La Trattoria & Pizzeria's dining room reflects its chefs' philosophy on food. The rustic yellow-orange walls, framed paintings, and cozy lighting cultivate a homey atmosphere, setting the stage for their menu of traditional Sicilian comfort food. Their appetizers come as elegantly simple as garlic bread with fresh mozzarella, romano, and spices, or blend a few distinct flavors, as with the grilled scallops wrapped in prosciutto. Entree highlights include the pasta a la trattoria?red sauce blended with pine nuts, raisins, cauliflower, sardines, and wild-mountain fennel?and the Sfincone pizza?a Sicilian-style pizza with sauteed onions, seasoned bread crumbs, and romano cheese?which makes Italian grandmothers all over the world so, so very proud.
The Salem jail, built in 1813, was the home of countless criminals for more than a century; today, it's the home of The Great Escape Restaurant. "Gone are the days of just bread and water…now the meals here are big portions of pasta, seafood, and steak," according to a video by Phantom Gourmet. While previously alcohol was only available when it was smuggled in, today the Great Escape's bartenders mix up prison-themed cocktails like the Orange Jumpsuit and The Commuted Sentence. In addition, complimentary valet service seamlessly escorts guests to the dinner table.
Under high ceilings, black chandeliers illuminate a bar made from recycled cell doors, the jail's original thick granite floor, and cell bars that surround black leather booths. Exposed brick walls are decorated with pop art with cheeky sayings such as "If you can't do the time don't do the crime," though today's guests are more focused on fried calamari than rehabilitation.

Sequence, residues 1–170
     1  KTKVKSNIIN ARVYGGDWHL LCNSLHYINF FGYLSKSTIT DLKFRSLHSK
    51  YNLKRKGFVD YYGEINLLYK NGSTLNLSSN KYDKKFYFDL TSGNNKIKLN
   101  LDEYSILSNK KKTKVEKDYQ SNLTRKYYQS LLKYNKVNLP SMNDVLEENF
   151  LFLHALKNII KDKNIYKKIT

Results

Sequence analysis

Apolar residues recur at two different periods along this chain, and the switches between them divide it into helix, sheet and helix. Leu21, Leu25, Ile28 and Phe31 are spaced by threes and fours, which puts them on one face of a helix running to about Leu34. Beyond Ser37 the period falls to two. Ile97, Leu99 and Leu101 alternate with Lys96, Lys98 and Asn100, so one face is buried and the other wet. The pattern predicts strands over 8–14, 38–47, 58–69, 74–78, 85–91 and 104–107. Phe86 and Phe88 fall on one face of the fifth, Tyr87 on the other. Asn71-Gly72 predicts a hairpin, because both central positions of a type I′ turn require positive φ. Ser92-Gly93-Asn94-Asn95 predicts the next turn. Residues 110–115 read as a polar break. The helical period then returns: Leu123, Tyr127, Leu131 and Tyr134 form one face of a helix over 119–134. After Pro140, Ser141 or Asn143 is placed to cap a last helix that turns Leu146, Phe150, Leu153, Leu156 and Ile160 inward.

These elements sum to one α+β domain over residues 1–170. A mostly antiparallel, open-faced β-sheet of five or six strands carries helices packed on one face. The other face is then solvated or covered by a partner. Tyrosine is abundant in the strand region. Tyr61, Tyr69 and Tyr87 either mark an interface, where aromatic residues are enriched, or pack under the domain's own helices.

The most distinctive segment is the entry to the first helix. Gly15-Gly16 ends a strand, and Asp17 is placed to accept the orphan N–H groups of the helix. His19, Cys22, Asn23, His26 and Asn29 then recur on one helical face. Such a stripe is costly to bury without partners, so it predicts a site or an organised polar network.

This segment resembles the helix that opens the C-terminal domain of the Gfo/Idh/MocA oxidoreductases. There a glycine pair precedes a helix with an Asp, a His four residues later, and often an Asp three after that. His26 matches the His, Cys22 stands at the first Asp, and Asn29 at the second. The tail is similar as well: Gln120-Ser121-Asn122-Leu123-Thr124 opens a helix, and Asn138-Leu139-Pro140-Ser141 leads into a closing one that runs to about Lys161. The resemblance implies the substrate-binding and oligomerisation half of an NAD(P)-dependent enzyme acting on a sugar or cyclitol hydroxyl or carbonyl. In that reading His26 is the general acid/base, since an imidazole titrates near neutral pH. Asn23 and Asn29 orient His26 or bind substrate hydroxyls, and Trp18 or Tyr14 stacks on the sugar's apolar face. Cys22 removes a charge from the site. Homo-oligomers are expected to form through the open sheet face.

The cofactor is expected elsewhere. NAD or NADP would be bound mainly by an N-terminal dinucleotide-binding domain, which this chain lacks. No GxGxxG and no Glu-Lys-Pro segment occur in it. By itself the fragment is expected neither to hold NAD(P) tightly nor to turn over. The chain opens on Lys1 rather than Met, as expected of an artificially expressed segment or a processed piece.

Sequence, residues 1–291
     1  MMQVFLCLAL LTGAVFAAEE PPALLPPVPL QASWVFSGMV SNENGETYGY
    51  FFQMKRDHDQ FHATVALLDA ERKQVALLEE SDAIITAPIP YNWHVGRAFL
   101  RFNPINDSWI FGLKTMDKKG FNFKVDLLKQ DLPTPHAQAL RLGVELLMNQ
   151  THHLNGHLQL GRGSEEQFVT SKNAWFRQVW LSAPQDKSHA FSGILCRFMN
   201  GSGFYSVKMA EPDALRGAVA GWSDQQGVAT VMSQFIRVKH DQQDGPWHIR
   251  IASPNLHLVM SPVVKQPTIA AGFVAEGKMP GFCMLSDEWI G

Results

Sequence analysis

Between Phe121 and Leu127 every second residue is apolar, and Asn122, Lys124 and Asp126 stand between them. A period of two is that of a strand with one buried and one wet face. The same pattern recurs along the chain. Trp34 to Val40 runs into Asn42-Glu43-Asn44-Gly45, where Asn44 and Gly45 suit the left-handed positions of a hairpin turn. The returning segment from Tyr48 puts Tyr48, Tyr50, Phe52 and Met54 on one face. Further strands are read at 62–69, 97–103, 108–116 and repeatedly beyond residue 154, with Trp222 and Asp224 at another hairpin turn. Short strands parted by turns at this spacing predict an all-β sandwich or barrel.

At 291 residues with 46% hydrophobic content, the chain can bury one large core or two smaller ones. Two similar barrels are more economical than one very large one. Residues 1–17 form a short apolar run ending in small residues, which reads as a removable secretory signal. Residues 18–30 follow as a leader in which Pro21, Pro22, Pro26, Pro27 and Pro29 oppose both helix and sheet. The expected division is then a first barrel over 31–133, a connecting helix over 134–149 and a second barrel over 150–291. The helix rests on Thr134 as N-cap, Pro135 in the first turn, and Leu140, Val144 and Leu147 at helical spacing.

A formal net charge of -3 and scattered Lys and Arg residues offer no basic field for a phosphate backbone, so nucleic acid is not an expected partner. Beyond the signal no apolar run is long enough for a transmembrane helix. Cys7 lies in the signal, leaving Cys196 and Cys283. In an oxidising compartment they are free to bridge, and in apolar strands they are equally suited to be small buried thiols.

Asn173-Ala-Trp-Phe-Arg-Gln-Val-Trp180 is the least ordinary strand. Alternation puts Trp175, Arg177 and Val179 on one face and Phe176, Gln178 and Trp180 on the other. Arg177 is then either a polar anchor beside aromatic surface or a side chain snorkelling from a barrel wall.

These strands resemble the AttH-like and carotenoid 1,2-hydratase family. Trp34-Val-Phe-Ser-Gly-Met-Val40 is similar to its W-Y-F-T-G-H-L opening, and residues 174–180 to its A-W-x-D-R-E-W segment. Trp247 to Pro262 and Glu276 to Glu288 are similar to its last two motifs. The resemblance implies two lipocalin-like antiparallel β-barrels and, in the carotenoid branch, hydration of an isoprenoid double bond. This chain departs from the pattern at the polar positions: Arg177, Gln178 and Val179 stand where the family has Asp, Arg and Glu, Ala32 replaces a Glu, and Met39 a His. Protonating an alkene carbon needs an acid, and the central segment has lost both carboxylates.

Sixty2 on Wharf is owned by Tony Bettencourt, the Cambridge School of Culinary Arts–trained former chef of the acclaimed Tomasso Trattoria in Southborough. Since opening in 2008, Sixty2 has seduced Salem stomachs with contemporary re-inventions of Italian classics. Bettencourt's meals use local and fresh ingredients shipped to the restaurant via seahorse-drawn gondola. The antipasti platter ($22) allows the chef to drop some knowledge on your plate, as he fills the plate with whichever antipasti options he deems best for the climate and current astrological alignment. Pasta dishes include the potato-filled cappellacci ($24 for full size) and the ribbon-like tagliatelle with a traditional meat-based Bolognese sauce ($26 for full size), while an assortment of entrees ($22–$30) include duck, lamb, chicken, and sea scallops seasoned and spiced to flavorful magnificence. The warm toffee-pudding dessert is a sweet salvo guaranteed to lob a taste grenade at any lingering post-entree hunger.
Not every pizza place has a mascot, much less one who’s a pug from outer space. But Flying Saucer Pizza Company insists Charlie the Space Pug is truly from beyond our planet. He promotes delicious pizza through Flying Saucer’s array of gourmet pies, all crafted from dough that is made in house every day. Each ball of dough is hand stretched before it is topped with a variety of fresh, locally grown ingredients, such as arugula, ghost-pepper salami, and goat cheese. A variety of vegan and gluten-free pizzas ensure that just about anyone can chow down while enjoying a slew of available draft beers made in New England. The eatery’s fun-loving staff and owners can often be found making pizza and taking orders amid the interior’s space-themed murals or delivering pizza and proving gravity wrong on Flying Saucer’s custom spaceship-design bicycle.